“The Richest Man in Babylon” is a compilation of invaluable laws and principles of gold, unraveled from the fallen Babylonian Empire. The 186-paged book, written by George S. Clason, consists of stories of wealth and penury with little bits of laws and lessons.
We are taken back to Babylon to meet various personalities, such as “Arkad”- who was indeed the richest man in Babylon and one who gave ardent teachings of wealth creation. The different names and personalities found in the stories can be used to represent the various types of people in today’s world. That is, the rich, poor, comfortable, hardworking, the lazy, and the slave.
Generally, The Richest Man in Babylon talks about how we can amass wealth and be financially successful. Taking us through the vital process of wealth accumulation, it starts us off at simply having the desire for wealth, through the principles of luck and opportunity, the five laws of gold and all it takes to live in an overflow of wealth.
Every story stems from concrete points and disguised principles. The language of the author, however, is quite unconventional as a result of the use of early modern ‘Shakespearean’ English. Yet, the message remains clear all through, making the piece one of the best books on personal finance.
Here are two of the most popular segments of the book:
Seven Cures for a Lean Purse
- Start thy purse to fattening
- Control thy expenditures
- Make thy gold multiply
- Guard thy treasure from loss
- Make of thy dwelling a profitable investment
- Insure a future income
- Increase thy ability to earn
The Five Laws of Gold
- Gold cometh gladly and in increasing quantity to any man who will put by not less than one-tenth of his earnings to create an estate for his future and that of his family
- Gold laboreth diligently and contentedly for the wise owner who finds for it profitable employment, multiplying even as the flocks of the field
- Gold clingeth to the protection of the cautious owner who invests it under the advice of men wise in its handling
- Gold slippeth away from the man who invests it in businesses or purposes with which he is not familiar or which are not approved by those who are skilled in its keep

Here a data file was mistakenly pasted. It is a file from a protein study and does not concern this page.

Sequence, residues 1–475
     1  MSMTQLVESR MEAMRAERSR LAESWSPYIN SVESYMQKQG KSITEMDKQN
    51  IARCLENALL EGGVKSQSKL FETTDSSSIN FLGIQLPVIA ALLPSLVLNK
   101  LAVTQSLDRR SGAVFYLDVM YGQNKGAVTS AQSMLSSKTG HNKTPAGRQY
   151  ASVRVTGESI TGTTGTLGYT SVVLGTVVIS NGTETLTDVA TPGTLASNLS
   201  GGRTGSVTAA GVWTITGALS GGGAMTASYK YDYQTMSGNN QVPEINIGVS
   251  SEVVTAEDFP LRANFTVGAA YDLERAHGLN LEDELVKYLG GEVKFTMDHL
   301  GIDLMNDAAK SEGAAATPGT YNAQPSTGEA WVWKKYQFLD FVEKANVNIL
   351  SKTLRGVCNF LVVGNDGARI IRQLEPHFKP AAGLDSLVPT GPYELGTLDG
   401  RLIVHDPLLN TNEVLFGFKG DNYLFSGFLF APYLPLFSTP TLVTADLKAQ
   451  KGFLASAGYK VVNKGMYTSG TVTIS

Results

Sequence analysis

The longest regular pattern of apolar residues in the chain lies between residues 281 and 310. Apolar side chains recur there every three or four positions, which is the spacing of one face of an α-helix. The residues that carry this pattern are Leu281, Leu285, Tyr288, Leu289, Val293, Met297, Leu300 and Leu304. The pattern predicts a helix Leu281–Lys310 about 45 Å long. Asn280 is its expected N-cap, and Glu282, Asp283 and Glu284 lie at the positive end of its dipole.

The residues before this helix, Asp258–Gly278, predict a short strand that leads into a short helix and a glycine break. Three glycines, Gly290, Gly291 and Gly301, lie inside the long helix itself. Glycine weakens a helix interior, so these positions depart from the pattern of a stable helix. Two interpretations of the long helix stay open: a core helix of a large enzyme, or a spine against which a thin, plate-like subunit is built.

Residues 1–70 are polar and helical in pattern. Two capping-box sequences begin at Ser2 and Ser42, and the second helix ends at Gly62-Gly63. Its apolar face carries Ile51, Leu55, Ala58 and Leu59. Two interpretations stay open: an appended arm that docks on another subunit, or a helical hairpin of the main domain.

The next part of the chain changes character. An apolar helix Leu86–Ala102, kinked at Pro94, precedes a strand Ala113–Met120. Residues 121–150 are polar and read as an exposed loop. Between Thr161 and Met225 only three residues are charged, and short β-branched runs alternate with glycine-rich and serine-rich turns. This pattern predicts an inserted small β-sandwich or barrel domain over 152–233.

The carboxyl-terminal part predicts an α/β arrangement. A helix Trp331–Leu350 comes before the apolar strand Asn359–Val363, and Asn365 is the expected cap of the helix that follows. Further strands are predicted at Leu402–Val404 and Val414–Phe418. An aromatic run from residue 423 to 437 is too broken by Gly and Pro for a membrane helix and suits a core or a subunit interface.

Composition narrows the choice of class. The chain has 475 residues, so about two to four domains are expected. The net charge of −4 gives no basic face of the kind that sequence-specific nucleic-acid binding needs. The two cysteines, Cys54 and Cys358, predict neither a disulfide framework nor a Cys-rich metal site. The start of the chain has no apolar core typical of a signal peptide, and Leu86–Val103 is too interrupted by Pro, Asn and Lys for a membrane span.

- Gold flees the man who would force it to impossible earnings or who followeth the alluring advice of tricksters and schemers or who trusts it to his own inexperience and romantic desires in investment
I recommend this book on one ground: Read only if you desire to be rich.
Just a few reversals here:
First, the laws are not infallible. That is, things may not work according to the laws set in the ancient scrolls. The glaring difference in era from when the book was carved on clay and now should nudge us to the realization that we do not follow Babylonian methods but rather complex systems. Hence, flexibility is paramount as dogmatic principles may not stand the test of time.
Next, in an attempt to ensure that we make careful investments, the rules are entirely risk averse.
“The first sound principle of investment is security for thy principal”
The above quote contradicts with the popular quote- “The higher the risk, the higher the return”. Warren Buffet would probably have a different view on the idea of ensuring your principal is safe.
Regardless, with the laws in this book applied rightly, especially on the aspect of saving, gold ‘clinking’ in thy purse would soon be a regular sound.
About the Author
George Samuel Clason (1874-1957) was a Soldier, Businessman and Writer. He served in the United States Army during the Spanish-American War. He is accredited to the writing of series of informational pamphlets on being thrifty and the achievement of financial success. With stories carved out in ancient Babylon, The Richest Man in Babylon is a compilation of some of the famous parables and stories.